The Maine Attraction: Domestic COVID-19 Travels

This trip to Maine was the first in years I didn’t plan myself, and that in and of itself held some appeal. I was invited by my partner’s family to join them on their annual vacation to the coast, and I jumped at the chance to get out of NYC for a week. Covid-19 fatigue was hitting me hard, and the urge to be somewhere less populous where I could relax my (now baseline) state of hypervigilance excited me.

We drove the seven hours from Brooklyn to a tiny village called Cundy’s Harbor, located in the town of Harpswell- population 4,912. Upon arrival at our home for the week, a cozy east coast cottage at the end of a windy road, the tide was in and boats dotted the bay. After pinching ourselves that this was the view we’d be waking up to each morning, we unpacked and headed straight to the local grocery store for supplies. We planned to dine out most evenings, but pancakes are a family tradition and since Maine is the blueberry capital of the USA it seemed a match made in heaven. In the store, my partner’s mother and I ogled the low price tags of basics like butter (2.99!) and oat milk ($3.39!) and snapped up items we don’t see in New York.

I’d been informed that the roads in ME are well kept and that is an understatement. It took about 45 minutes to get anywhere from Cundy’s Harbor, but the time flew; scenic views were around every corner and the condition of the coastal roadways is pristine. We went for a few hikes which were innately less strenuous than hiking the Adirondacks or anywhere out west due to the low altitude, and therefore felt like meandering walks through coastal vegetation with an occasional peek at water. We were a little early for peak foliage, but the leaves were changing daily, the air smelled of pine and the weather was temperate, so we felt very fortunate.

We never tired of quaint towns with picturesque Main Streets and boat-lined harbors, but for overall adorability, Booth Bay Harbor was the clear winner. With a population just over 2,000, my inner city-girl-snob expected little, but we were blown away with the local boutiques, colonial architecture, elegant yachts, and colorful sunsets.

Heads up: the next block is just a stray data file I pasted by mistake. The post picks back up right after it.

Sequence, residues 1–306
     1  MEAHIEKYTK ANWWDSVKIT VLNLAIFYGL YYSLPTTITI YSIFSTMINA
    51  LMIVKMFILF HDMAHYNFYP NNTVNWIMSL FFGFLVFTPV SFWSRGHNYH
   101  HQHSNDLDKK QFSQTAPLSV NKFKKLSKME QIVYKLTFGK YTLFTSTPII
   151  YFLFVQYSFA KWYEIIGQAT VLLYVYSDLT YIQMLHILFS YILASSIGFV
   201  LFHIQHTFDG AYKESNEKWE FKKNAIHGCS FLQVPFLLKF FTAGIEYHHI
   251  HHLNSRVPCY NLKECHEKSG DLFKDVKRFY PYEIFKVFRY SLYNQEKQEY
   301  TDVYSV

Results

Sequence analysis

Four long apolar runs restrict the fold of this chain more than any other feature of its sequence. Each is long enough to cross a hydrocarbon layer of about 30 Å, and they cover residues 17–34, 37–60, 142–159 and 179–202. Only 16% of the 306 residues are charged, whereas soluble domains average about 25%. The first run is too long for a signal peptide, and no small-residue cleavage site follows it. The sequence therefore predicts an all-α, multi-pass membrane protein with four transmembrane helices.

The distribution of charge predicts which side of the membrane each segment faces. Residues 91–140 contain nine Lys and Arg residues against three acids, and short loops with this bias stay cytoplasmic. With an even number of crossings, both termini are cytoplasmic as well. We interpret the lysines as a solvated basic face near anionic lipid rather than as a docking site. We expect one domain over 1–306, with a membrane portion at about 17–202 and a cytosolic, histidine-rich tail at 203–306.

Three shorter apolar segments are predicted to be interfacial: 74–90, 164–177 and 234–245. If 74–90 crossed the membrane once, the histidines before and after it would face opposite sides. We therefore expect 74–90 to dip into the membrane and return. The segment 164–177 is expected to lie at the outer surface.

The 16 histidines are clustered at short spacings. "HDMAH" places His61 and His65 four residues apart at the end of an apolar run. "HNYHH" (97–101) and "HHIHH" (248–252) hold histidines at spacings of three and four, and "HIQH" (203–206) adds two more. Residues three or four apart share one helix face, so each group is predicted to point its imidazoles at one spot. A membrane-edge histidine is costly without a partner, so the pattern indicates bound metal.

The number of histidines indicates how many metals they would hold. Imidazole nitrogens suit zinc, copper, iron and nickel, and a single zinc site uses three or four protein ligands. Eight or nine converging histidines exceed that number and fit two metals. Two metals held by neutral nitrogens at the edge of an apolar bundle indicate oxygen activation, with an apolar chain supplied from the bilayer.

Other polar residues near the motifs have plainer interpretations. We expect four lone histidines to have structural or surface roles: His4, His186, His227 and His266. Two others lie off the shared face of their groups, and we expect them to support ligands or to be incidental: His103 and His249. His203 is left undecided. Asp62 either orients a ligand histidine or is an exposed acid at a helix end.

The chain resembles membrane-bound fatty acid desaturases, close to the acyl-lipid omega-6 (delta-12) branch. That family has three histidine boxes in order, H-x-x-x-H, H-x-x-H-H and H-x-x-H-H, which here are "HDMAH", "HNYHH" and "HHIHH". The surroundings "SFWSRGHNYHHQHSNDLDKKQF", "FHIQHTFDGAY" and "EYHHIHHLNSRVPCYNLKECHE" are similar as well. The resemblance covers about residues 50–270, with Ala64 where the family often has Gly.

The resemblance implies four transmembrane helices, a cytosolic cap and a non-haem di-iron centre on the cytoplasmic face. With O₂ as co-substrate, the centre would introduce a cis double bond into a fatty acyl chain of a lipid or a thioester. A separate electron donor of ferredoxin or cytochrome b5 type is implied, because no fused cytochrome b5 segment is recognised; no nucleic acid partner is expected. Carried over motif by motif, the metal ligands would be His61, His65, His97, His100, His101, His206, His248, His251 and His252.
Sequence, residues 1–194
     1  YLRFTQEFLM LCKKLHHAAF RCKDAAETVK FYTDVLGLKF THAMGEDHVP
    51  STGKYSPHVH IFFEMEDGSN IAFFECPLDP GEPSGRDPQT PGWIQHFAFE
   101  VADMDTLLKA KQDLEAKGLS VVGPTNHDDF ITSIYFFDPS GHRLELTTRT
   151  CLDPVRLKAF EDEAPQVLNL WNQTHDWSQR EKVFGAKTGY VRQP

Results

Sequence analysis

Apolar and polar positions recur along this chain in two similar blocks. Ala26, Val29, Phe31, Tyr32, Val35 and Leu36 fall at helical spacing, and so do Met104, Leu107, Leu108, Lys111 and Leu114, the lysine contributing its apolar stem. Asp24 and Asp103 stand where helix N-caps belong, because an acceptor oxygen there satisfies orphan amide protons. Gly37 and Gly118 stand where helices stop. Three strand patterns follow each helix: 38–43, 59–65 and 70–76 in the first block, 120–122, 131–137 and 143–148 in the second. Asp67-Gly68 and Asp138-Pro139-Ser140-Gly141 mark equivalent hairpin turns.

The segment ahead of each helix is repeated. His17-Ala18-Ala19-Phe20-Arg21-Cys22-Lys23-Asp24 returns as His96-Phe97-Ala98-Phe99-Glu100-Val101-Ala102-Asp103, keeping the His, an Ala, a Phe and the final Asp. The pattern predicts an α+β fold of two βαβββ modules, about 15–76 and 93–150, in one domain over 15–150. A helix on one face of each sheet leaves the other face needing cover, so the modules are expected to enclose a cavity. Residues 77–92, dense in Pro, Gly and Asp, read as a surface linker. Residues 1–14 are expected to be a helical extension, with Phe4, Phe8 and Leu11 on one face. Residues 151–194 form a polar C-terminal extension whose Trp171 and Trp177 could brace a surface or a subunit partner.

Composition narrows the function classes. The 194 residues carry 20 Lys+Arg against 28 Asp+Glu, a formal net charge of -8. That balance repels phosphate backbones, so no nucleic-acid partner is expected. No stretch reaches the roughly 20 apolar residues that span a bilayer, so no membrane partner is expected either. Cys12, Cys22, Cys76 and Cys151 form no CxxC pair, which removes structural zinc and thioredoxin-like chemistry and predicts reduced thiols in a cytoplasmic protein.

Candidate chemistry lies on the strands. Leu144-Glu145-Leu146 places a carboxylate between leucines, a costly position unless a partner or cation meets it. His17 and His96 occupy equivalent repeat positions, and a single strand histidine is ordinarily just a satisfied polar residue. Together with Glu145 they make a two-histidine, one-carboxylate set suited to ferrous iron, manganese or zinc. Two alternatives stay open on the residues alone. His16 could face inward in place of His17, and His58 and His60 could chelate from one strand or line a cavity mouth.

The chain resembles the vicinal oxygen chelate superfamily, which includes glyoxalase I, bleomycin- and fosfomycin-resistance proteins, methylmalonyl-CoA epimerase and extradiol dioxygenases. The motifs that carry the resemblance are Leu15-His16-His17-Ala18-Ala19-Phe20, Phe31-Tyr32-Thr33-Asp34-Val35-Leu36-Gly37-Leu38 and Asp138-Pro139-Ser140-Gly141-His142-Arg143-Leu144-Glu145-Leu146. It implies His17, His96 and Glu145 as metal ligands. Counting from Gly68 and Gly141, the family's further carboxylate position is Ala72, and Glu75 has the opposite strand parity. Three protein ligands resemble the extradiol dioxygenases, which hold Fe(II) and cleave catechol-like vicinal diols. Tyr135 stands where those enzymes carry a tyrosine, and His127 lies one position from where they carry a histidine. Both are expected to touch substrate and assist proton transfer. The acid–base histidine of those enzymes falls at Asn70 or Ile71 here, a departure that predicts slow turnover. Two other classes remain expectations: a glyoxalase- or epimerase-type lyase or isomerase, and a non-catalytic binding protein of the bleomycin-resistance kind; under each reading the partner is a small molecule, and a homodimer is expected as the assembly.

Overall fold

The surprise of the trip, however, was the sheer number of incredible meals we had. Having last visited Maine as a poor college student many years ago, I had no knowledge of the local food scene, but farm to table seems standard and the use of local ingredients made menu exploration a treat. Of course the standouts were the seafood meals (lobster roll at Red’s Eats in Wiscasset, oysters at Fore Street in Portland, and haddock at Dolphin Marina & Restaurant in Harpswell), but the duck at James Beard winner Primo in Rockland gave the seafood a run for their money.

Before settling back into the car for the return journey, I had one last cup of coffee overlooking the bay, drinking in the sunshine sparkling on the water, the red-orange trees, and the sailboats bobbing up and down. I’d underestimated Maine, but it’s laid-back people, serene pace and natural beauty were delightful. My week there had calmed me in a way I didn’t know I’d needed, and though I was happy to return to life in Brooklyn, I’m grateful for the opportunity Maine provided to enjoy life’s simple pleasures.

For more on COVID-19 travels, check out this blog post about our CEO’s international trip during COVID-19.

cundys harbor maine